The first two days are a mix of excellent highways and a LOT of riding - nearly 1300km have been added to the odometer already! And our first multi-night halt comes at the scenic little town of Kolli Hills in Tamil Nadu. The climb up those steep 70 hairpin bends was a proper challenge for me due to the low ground clearance, a lot of reckless bikers and a cavalcade of monkeys around every corner. Due to all those factors, our pace was very gentle on the climb up and I was looking forward to the run down the mountain. 

    Two days of merriment and sightseeing later, we were ready to make our way to the next stop on the trip - Kanyakumari. Luckily on the run down the mountain, traffic was quite sparse. Which meant I could finally up the pace a little. What that resulted in was the Super Meteor scraping its footpegs at nearly every corner and giving the larger Tiger 900 a run for its money on some occasions. This changed my mindset about cruisers being lumbering two-wheeled yachts, provided your inputs are correctly and measuredly given. Sorry for the multitude of scratches on the footpeg feelers, Royal Enfield!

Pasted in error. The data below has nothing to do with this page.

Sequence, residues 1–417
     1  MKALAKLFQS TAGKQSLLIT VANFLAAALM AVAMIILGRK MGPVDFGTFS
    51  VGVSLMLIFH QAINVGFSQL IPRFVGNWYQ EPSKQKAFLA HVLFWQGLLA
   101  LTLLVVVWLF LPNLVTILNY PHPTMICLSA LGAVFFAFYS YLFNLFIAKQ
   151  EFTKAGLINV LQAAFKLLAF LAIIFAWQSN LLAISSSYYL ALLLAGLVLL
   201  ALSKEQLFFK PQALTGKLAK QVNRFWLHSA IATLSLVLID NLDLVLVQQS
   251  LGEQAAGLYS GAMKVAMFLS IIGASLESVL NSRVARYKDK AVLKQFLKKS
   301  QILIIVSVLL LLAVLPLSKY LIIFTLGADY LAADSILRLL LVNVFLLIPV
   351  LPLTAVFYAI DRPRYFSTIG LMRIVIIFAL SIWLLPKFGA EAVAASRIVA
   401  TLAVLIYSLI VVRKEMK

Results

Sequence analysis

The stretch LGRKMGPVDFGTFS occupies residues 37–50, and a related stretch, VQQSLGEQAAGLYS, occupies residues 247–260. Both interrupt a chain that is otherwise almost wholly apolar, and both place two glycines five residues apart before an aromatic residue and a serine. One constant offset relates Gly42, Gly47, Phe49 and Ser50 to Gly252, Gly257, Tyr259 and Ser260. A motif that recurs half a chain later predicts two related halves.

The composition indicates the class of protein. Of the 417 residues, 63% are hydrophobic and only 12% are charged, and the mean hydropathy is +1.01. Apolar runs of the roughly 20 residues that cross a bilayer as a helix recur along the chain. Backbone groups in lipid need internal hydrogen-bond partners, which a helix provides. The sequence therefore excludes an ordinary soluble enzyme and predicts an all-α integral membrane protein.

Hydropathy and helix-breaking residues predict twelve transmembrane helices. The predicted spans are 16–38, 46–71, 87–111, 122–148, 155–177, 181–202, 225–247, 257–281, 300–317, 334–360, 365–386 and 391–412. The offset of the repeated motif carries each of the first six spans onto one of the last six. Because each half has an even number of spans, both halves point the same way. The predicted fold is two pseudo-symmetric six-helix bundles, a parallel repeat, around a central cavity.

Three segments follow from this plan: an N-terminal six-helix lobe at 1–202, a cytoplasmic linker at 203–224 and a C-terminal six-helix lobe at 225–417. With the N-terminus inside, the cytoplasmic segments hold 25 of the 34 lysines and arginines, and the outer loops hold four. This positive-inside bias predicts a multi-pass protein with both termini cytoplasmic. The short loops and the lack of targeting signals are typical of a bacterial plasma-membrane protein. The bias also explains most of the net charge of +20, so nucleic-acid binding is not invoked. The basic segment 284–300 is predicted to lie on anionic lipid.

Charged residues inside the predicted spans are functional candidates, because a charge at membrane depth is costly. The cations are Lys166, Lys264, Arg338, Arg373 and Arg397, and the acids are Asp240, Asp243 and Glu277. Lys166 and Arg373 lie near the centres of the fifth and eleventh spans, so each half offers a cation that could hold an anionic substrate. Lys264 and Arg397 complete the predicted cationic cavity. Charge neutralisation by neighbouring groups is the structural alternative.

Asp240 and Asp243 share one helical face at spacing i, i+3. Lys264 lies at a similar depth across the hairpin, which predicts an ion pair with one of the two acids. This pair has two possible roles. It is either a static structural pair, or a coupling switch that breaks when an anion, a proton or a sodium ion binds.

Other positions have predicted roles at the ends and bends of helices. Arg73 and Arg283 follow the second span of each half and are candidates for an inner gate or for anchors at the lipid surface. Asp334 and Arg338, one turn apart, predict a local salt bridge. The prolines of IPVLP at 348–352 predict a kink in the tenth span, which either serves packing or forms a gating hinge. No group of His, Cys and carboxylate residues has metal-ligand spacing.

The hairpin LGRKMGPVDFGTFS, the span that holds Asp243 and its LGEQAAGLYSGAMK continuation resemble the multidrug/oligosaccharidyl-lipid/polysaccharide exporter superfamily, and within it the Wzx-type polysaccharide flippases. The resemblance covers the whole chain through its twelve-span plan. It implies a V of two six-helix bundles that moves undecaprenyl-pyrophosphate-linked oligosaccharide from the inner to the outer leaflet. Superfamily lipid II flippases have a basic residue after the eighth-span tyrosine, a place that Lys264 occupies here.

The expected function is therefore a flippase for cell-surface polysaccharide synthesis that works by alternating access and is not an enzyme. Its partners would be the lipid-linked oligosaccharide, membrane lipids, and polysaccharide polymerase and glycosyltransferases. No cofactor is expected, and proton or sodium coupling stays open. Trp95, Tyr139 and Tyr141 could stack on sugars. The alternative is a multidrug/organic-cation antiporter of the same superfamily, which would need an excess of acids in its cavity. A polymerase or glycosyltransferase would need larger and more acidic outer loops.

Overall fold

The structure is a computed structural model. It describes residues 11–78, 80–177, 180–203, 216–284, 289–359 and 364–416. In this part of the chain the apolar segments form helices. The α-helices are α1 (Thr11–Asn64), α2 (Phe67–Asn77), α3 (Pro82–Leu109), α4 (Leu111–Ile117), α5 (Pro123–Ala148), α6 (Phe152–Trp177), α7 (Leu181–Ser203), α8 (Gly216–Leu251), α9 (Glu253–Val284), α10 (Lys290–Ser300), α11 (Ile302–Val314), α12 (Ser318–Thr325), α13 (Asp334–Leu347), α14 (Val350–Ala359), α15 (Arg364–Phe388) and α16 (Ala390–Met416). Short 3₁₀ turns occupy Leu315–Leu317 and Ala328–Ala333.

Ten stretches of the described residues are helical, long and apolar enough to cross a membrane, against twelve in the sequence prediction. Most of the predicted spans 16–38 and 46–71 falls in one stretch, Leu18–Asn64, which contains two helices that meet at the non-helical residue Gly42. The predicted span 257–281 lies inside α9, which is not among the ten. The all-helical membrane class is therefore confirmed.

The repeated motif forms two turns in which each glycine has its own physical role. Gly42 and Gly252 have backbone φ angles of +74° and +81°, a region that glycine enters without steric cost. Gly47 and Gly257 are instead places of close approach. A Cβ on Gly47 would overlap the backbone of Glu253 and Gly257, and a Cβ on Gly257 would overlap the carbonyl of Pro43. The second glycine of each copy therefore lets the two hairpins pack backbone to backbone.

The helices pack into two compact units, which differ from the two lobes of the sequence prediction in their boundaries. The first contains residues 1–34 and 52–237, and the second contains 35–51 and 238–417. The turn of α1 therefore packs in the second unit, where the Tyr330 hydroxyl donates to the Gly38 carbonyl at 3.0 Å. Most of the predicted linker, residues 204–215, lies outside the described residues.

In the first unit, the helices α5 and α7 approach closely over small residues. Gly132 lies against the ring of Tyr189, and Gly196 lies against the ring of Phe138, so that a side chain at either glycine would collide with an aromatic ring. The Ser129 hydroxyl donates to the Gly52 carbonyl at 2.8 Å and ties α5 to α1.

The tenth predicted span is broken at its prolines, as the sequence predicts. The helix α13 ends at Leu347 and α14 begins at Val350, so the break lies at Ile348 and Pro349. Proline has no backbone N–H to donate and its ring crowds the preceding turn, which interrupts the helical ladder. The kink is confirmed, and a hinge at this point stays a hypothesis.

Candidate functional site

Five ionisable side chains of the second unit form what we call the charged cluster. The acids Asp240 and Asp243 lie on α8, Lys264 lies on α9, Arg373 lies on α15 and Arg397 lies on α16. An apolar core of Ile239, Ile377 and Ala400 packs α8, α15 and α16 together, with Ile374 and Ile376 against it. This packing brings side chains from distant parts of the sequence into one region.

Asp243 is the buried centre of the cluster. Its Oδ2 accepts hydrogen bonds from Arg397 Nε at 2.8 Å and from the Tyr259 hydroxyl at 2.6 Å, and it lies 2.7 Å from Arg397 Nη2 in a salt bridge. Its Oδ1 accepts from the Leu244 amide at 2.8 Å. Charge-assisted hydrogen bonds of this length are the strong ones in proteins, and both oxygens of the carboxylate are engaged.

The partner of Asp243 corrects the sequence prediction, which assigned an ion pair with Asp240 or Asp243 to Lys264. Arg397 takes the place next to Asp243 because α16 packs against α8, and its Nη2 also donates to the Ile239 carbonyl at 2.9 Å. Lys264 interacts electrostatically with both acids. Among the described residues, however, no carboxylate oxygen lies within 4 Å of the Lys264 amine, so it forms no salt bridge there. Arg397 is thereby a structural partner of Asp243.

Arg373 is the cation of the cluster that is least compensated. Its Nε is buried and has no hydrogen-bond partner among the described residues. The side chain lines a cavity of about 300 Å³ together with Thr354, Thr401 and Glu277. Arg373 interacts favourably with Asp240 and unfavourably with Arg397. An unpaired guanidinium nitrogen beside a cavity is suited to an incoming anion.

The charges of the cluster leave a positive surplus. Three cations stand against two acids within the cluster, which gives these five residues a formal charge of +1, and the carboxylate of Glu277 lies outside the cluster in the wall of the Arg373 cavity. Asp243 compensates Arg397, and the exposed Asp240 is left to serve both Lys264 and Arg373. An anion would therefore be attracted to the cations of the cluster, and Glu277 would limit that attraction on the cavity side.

As we neared Kanyakumari, the scenery turned from gorgeous to utterly spectacular and the photogenic Super Meteor was a treat to click pictures of. That day we must've stopped at no fewer than a dozen locations and at every one of them, almost as if on cue, a small crowd would materialise and enquire about just the usual things us bikers get asked. Among them, a great many questions were about the Super Meteor and it always had a crowd around it despite being parked next to larger, more expensive bikes. No mean feat and it proves that Indians seem to prefer cruisers over other body styles.